Punishment was seldom necessary on the Willis plantation as the master and mistress did everything possible to make their slaves happy; and to a certain extent indulged them. They were given whisky liberally from their master's still; and other choice food on special occasions. "I remember once," remarked Mrs. Callaway, "my aunt Rachel burned the biscuits and the young master said to her, "Rachel, you nursed me and I promised not to ever whip you, so don't worry about burning the bread." My mistress was very fond of me, too, and gave me some of everything that she gave her own children, tea cakes, apples, etc. She often told me that she was my mother and was supposed to look after me. In spite of the kindness of the Willis family there were some slaves who were unruly; so the master built a house off to itself and called it the Willis jail. Here he would keep those whom he had to punish. I have known some slaves to run away on other plantations and the hounds would bite plugs out of their legs."
The Willis family did not object to girls and boys courting. There were large trees, and often in the evenings the boys from other plantations would come over to see the girls on the Willis plantation. They would stand in groups around the trees, laughing and talking. If the courtship reached the point of marriage a real marriage ceremony was performed from the Bible and the man was given a pass to visit his wife weekly. Following a marriage a frolic took place and the mistress saw to it that everyone was served nice foods for the occasion.
Frolics were common occurrences on the Willis plantation, also quilting parties. Good foods consisting of pies, cakes, chicken, brandied peaches, etc. "Dancing was always to be expected by anyone attending them," remarked Mrs. Callaway. "Our master always kept two to three hundred gallons of whisky and didn't mind his slaves drinking. I can remember my master taking his sweetened dram every morning, and often he gave me some in a tumbler. On Christmas Day big dinners were given for all of the slaves and a few ate from the family's table after they had finished their dinner."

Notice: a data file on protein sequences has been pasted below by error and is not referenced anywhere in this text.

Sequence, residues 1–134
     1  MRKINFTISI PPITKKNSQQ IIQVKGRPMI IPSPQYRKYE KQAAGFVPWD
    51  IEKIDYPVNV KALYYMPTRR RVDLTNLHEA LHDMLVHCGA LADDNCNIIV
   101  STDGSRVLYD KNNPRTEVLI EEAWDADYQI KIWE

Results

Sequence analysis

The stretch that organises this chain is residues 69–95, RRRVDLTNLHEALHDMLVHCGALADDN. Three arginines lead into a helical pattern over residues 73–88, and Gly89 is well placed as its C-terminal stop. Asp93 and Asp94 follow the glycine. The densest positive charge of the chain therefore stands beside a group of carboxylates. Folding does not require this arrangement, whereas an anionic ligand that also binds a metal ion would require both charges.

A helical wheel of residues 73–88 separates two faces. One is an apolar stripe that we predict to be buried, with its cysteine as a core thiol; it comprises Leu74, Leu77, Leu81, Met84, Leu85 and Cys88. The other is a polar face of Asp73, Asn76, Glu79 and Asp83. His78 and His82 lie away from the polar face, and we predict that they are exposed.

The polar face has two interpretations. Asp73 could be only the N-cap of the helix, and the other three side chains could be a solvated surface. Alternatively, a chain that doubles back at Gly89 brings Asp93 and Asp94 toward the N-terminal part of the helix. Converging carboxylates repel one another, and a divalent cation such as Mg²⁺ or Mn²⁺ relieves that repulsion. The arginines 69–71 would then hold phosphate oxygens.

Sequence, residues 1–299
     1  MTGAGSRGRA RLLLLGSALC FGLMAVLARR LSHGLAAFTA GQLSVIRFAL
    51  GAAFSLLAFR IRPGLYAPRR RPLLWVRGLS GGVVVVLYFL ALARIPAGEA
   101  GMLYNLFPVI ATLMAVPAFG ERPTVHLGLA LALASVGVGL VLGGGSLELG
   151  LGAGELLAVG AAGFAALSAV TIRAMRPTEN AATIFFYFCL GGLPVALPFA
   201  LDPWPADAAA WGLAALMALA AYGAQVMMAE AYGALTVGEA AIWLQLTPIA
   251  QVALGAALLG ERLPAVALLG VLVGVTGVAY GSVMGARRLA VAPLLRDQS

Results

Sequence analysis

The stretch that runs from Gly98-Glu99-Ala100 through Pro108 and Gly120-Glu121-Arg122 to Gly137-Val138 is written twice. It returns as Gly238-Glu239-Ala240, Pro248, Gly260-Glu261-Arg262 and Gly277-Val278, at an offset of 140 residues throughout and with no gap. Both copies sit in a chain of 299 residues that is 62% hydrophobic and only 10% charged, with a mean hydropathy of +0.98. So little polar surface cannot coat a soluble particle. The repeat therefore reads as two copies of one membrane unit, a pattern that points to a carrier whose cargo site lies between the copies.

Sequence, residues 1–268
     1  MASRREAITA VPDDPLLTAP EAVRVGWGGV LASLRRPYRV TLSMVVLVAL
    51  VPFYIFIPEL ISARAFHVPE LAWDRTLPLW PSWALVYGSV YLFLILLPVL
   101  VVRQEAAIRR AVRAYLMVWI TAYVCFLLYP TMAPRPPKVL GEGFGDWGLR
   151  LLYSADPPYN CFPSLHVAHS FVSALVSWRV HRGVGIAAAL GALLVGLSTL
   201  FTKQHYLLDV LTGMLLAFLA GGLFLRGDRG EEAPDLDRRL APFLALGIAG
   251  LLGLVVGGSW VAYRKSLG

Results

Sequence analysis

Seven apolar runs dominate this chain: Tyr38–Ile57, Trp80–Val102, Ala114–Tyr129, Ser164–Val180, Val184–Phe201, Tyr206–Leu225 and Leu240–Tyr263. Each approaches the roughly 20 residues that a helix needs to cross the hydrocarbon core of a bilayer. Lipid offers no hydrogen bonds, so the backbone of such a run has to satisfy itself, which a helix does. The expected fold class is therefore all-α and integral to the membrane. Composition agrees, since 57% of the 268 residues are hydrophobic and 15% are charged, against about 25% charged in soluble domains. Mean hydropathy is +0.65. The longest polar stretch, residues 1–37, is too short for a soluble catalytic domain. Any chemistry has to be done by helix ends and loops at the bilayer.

Medical care was promptly given a slave when he became ill. Special care was always given them for the Willis family had a personal interest in their slaves. "On one occasion," remarked Mrs. Calloway, "the scarlet fever broke out among the slaves and to protect the well ones it became necessary to build houses in a field for those who were sick. This little settlement later became know as "Shant Field." Food was carried to a hill and left so that the sick persons could get it without coming in contact with the others. To kill the fever, sticks of fat pine were dipped in tar and set on fire and then placed all over the field."
Religion played as important part in the lives of the slaves, and such [TR: much?] importance was attached to their prayer meetings. There were no churches, provided and occasionally they attended the white churches; but more often they held their prayer meetings in their own cabins. Prayers and singing was in a moaning fashion, and you often heard this and nothing more. On Sunday afternoons everyone found a seat around the mulberry tree and the young mistress would conduct Sunday School.
Concerning the Civil War, Mrs. Callaway related the following story:
"When the war broke out my mistress' home became a sewing center and deifferent women in the neighborhood would come there every day to make clothes for the soldiers. On each bed was placed the vests, coats, shirts, pants, and caps. One group did all the cutting, one the stitching, and one the fitting. Many women cried while they served [TR: sewed?] heart-broken because their husbands and sons had to go to the war. One day the Yanks came to our plantation and took all of the best horses. In one of their wagons were bales of money which they had taken. Money then was blue in color; of course, there was silver and gold. After taking the horses they drank as much whisky as they could hold and then filled their canteens. The rest of the whisky they filled with spit. The master didn't interfere for fear of the long guns which they carried."
After the war some of the slaves left the plantation to seek their fortune; others remained, renting land from the Willis family or working with them on a share crop basis.
As a conclusion Mrs. Callaway remarked: "My folks were good and I know [HW: they're] in heaven." Mrs. Callaway is deeply religious and all during the interview would constantly drift to the subject of religion. She is well cared for by her nine children, six girls and three boys.
Source: Georgia Slave Narratives